Leadership: Matt Rhule (HC), Ben McAdoo (OC), Phil Snow (DC), Sam Darnold / Baker Mayfield (QB)
The Matt Rhule era in Carolina could finally end this season. Unless key actors on this team surprise me, the Panthers have done little to change the trajectory of their organization after last year’s tragic campaign.
Let’s start with the offense. The club made a good move canning Joe Brady, but Ben McAdoo isn’t necessarily the right replacement. McAdoo chiefly runs a safer variant of the air raid - his offense emphasizes looser formations with 3-4 receivers flared out along the wings. It’s a style of offense tailored more towards bull-headed quarterbacks who aren’t afraid to sling the ball around or shoulder the burden of production successfully. Sam Darnold certainly isn’t that quarterback. Baker Mayfield may have some of that temperament McAdoo wants in his ideal quarterback, but Baker’s shown time and time again that he’s incapable of leading through skill or intelligence. Sure, he’s shown admirable toughness, but that isn’t nearly enough to thrive in an offense that demands so much from the quarterback. Christian McCaffrey is probably the best weapon on offense, but his durability worries me - the man’s only played 10 games over the past two seasons.
Things aren’t much better on defense either. The team letting Haason Reddick walk was foolish considering he was pretty productive as a pass rusher lining up alongside Brian Burns in the trenches. Rhule and Snow are likely expecting Derrick Brown or Yetur Gross-Matos to account for the missed production, but neither are guaranteed to do so. On top of that, Phil Snow is such an uninspiring coordinator - it sickens me to see the man pick the worst times to call three-man pass rushes. Three-man pass rushes only work when used judiciously in choice circumstances, but Snow’s never really demonstrated much nuance in the way he manages his defense. It shows in the EPA chart below.
Not only did Carolina’s defense worsen as the season waned onward, but the unit didn’t fare so well against division rivals in subsequent matches, which tells me offensive coordinators gained a beat on their tendencies.
The fact that the sportsbooks seem to forecast this team winning only 6 games this season is damning enough. One would have thought the inclusion of Baker Mayfield would have boosted this team’s prospects, but the experts feel otherwise. I’m inclined to agree.
Kansas City Chiefs
Leadership: Andy Reid (HC/OC), Steve Spagnuolo (DC), Patrick Mahomes (QB)
The Chiefs are always a fun team to analyze, being perennial championship contenders. This year should be no different. Even though Tyreek Hill and a few other receivers are no longer with the club, don’t expect the offense to lose much a step here - Marquez Valdes-Scantling and Juju Smith-Schuster were signed in the offseason, so the unit won’t be lacking in weapons. Yes, neither player can adequately replace Tyreek Hill, but those two should help spur a much-needed identity shift in this offense. Too many defenses were comfortable playing against this unit with multiple safeties, especially given Kansas seemed oddly unwilling to adopt a less explosive style of football in response. With Hill now gone, Mahomes and Reid will have no choice but to devise new strategies now that their receiving corps is missing its signature explosive weapon.
Defensively, things should be fine too. Even though the defense lost its “quarterback” in Tyrann Matthieu, the team should be able to compensate just fine with Justin Reid - I trust Spags will do his best to ensure Reid and some of the other coverage players can lead this offense should the need arise. Melvin Ingram was essentially swapped out with another older proven veteran in Carlos Dunlap. The hope here is that Dunlap carries over some of his production from his days in Seattle last year, because if not, the Chiefs will only have one definitively dominant pass rusher in Chris Jones. One thing in their favor is that Dunlap actually churned out slightly better numbers than Ingram last year, though I distinctly remember the latter making his presence known on more critical plays.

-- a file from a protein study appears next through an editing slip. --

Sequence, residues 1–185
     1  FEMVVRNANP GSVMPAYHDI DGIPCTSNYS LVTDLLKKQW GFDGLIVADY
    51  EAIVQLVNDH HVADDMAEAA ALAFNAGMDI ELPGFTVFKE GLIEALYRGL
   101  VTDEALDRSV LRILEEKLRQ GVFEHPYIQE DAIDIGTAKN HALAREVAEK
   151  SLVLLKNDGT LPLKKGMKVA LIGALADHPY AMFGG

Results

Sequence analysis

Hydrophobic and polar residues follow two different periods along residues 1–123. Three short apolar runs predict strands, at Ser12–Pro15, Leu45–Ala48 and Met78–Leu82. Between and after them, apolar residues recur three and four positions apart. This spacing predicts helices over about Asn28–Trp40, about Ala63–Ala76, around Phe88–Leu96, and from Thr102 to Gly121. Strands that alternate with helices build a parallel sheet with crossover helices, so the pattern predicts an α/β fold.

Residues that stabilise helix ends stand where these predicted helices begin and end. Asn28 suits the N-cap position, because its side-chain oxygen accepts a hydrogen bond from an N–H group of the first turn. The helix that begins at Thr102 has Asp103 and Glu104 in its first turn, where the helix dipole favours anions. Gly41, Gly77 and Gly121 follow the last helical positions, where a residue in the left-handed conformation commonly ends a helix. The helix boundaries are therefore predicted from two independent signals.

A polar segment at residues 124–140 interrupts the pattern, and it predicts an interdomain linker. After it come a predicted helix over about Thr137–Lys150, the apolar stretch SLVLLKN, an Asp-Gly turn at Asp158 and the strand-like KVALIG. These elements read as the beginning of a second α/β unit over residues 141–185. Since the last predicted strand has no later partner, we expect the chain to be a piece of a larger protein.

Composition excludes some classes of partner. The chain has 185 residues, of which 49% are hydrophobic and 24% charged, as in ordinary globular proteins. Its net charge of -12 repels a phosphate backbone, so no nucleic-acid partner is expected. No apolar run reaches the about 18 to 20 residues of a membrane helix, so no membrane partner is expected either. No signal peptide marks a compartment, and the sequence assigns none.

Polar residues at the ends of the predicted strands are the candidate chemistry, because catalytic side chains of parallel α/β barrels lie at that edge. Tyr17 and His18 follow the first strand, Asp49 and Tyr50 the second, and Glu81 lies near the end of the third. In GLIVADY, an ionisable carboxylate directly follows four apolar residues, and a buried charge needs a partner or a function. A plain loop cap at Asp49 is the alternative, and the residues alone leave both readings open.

Ultimately, the fate of this team lies in the leadership outlined above. I know it sounds like an obvious truism, but it cannot be emphasized enough in the case of the Kansas City Chiefs. Spagnuolo will need to partly reinvent this defense now that it’s missing some key contributors from the past couple years. Remember that aggressive press coverage only works if the secondary stays disciplined in formation, but that type of discipline only comes with habituation. So expect this defense to go on a transformative journey as the season unwinds. On offense, Reid and Mahomes need to show much more flexibility in their approach to offensive football. As I said earlier, not having Tyreek Hill in the huddle anymore might be that mental reset they so desperately need - with their glorified deep threat now replaced by a pair of scrappy receivers, Reid and his quarterback are forced to adjust to an offensive brand of football no longer predicated on the deep ball.
I think it can happen. And I think the Chiefs are once again a strong contender for the Super Bowl.
Las Vegas Raiders
Leadership: Josh McDaniels (HC/OC), Patrick Graham (DC), Derek Carr (QB)
Probably the most exciting team to watch given their potentially high ceiling.
Offensively, the team’s loaded with weaponry at every key position - tight end, slot receiver, running back, and outside receiver. Speaking of outside receiver, dealing two first round picks for Davonte Adams was a stroke of genius. Yes, Adams won’t have as productive a season under Carr as he would have under Rodgers, but in the grander scheme of things, Carr and the Raiders needed him to be the cornerstone of an offense built more on the diversity of its personnel than on the sheer talent of the man playing under center. Everybody knows Carr lacks the tools to be anything more than an average quarterback, but the number of quality skill players should be enough to keep this offense thriving, so long as McDaniels doesn’t screw things up as badly as he did in Denver.